Switch Restoration

Heinkel switches are one of a few high visibility items on the cars that are not available as reproductions. This may seem a little surprising since these Bosch switches were used on other German microcars of the period, including Goggos and Zundapps. A decent set of NOS (New Old Stock) ignition and turn signal switches went for close the $300 on eBay UK recently. So, if you want to complete a concours restoration, don’t have NOS switches, but can’t bear to reinstall your rusty pieces, do you have any options?

It turns out that you do. Let’s look at the switches and see what we can do.

Heinkel Cars and Cabin Scooters
Old turn signal/horn combo switches

These turn signal/horn combination switches are in typical condition. The stalks are rusty, the plastic is discolored (or painted over), and the knobs are in poor shape.  The switches are one piece plastic construction, which can’t be taken apart. Since you can’t take them apart you can’t rechrome the stalks.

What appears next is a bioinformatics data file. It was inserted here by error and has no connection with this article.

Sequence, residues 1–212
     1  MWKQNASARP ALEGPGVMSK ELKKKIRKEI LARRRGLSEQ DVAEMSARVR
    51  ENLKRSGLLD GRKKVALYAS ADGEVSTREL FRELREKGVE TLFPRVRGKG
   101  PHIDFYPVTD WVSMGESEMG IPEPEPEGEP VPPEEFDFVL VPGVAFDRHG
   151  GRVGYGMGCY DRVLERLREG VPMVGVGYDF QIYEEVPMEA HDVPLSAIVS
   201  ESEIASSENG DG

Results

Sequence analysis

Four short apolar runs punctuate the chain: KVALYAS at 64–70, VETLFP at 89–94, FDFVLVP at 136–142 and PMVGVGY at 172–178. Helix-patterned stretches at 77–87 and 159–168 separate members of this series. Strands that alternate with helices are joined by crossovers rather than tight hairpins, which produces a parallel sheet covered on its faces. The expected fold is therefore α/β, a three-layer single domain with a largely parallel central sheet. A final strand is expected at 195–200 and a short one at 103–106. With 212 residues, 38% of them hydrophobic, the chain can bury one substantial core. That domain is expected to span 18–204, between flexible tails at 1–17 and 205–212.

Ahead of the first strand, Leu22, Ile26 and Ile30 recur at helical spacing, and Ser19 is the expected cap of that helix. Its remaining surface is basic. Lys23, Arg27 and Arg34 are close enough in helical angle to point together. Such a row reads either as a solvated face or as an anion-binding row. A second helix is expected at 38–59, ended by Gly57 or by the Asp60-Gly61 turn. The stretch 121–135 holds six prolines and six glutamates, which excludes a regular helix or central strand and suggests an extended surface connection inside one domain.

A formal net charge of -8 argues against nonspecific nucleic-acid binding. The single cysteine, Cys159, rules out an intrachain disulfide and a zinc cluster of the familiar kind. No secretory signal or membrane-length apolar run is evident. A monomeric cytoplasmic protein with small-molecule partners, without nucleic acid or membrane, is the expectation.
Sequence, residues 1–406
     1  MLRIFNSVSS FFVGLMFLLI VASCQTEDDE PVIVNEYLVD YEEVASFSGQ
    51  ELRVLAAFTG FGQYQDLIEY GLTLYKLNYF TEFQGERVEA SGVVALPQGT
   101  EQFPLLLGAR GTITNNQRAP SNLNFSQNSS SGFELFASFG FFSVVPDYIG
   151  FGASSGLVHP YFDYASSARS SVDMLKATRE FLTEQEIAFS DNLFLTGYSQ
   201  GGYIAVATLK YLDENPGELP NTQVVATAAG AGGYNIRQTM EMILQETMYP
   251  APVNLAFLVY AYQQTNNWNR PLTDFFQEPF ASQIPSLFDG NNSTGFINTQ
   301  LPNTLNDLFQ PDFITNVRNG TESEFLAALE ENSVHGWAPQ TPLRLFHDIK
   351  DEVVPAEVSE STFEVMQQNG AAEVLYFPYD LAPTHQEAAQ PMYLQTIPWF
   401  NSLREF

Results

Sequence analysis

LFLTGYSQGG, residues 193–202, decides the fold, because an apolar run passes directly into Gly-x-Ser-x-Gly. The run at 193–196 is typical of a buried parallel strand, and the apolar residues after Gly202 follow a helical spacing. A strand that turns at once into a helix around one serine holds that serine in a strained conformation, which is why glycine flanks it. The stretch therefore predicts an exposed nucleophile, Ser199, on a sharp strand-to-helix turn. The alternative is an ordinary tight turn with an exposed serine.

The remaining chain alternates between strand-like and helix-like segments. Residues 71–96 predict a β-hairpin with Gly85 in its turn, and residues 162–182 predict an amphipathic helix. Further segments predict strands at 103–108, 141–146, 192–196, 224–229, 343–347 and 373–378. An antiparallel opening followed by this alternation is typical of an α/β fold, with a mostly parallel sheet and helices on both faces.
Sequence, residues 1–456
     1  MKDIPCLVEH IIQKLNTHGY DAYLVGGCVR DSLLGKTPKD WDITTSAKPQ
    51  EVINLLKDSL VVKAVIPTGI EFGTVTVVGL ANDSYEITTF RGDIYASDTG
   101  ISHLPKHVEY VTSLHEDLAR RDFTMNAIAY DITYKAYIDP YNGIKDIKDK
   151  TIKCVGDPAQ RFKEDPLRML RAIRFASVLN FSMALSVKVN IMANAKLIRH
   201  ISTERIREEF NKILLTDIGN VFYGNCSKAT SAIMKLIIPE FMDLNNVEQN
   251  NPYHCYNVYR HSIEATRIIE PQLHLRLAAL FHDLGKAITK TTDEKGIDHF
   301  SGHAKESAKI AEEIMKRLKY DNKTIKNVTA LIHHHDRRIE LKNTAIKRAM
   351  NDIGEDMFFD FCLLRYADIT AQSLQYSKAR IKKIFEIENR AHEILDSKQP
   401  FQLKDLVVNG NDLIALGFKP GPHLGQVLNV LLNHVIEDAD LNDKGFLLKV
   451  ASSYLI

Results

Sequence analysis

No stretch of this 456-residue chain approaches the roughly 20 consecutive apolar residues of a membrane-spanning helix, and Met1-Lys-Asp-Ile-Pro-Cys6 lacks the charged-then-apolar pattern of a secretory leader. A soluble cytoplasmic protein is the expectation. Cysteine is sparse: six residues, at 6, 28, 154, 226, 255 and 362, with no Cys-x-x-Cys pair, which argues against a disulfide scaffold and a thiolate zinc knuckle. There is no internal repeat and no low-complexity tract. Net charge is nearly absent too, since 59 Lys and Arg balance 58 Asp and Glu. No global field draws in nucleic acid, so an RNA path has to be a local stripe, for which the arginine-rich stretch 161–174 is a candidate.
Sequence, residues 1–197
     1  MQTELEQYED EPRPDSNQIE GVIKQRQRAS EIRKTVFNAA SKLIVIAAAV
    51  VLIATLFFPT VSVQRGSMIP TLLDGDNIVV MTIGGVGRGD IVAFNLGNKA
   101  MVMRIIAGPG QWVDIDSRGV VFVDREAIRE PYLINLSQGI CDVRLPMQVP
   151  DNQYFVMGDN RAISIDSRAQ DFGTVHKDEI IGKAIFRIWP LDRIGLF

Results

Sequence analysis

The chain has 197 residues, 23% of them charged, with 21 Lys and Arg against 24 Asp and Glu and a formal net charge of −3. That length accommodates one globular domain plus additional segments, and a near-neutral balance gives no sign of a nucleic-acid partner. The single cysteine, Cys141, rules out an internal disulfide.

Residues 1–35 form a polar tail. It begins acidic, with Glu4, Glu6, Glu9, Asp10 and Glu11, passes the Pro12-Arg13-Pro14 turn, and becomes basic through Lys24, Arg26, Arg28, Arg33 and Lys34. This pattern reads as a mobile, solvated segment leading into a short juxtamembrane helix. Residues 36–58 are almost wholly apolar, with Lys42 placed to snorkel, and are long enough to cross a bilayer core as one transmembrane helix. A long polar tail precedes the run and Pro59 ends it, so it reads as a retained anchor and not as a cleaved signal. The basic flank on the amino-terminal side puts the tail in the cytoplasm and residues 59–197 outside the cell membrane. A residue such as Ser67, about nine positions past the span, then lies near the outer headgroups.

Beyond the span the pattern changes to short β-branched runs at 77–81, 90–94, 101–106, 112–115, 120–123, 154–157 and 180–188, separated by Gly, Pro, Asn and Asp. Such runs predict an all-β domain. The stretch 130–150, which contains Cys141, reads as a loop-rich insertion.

I initially approached the rusty stalk problem. I considered chrome paint and foil tape and realized that neither would  be acceptable to me. Then I decided on an “encapsulation” approach. I searched out chromed tubing, but could not find anything that would work  Then I considered stainless steel, but could not find any tubing that would fit. I finally came upon aluminum tubing that would work.

Heinkel Kabines
An aluminum tube is an almost perfect fit

Here’s an example of aluminum tubing and the fit over the existing stalk. These are 1/4″ K&S aluminum tubes, with a wall diameter of .0014″. They fit snugly and have minimal wall thickness, so I decided to use them.

To make them look like chrome I highly polished them with three grades of compound, then clearcoated them to prevent oxidation.

Heinkel Cars and Cabin Scooters
Cutting tubing to size- you can use a tubing cutter too

I cut them using a standard band saw with superfine teeth. You could use a tubing cutter as well.

Heinkel Cars and Cabin Scooters
Switch with tubing sleeve

I also lightly sanded the plastic housings with superfine sandpaper. Don’t use thinners to try to strip the grime off of the switches; I tried that and it started dissolving the plastic! The last step involved the the knobs and cover for the ignition switch. The English Club sells reproductions for these items.

Heinkel Cars and Cabin Scooters
Restored Heinkel Car Switches

Here are the completed items. Almost indistinguishable from unobtainable NOS for about $20.

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